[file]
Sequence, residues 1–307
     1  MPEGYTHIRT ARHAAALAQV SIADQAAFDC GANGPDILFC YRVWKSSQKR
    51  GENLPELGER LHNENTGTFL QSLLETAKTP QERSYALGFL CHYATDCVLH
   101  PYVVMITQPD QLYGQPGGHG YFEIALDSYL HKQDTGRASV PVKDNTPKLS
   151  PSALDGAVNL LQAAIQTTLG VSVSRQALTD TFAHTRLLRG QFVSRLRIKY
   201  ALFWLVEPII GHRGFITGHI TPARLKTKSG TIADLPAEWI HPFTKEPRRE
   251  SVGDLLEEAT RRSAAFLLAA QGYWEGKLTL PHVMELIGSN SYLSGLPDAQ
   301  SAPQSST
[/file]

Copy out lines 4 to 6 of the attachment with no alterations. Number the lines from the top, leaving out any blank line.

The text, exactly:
   101  PYVVMITQPD QLYGQPGGHG YFEIALDSYL HKQDTGRASV PVKDNTPKLS
   151  PSALDGAVNL LQAAIQTTLG VSVSRQALTD TFAHTRLLRG QFVSRLRIKY
   201  ALFWLVEPII GHRGFITGHI TPARLKTKSG TIADLPAEWI HPFTKEPRRE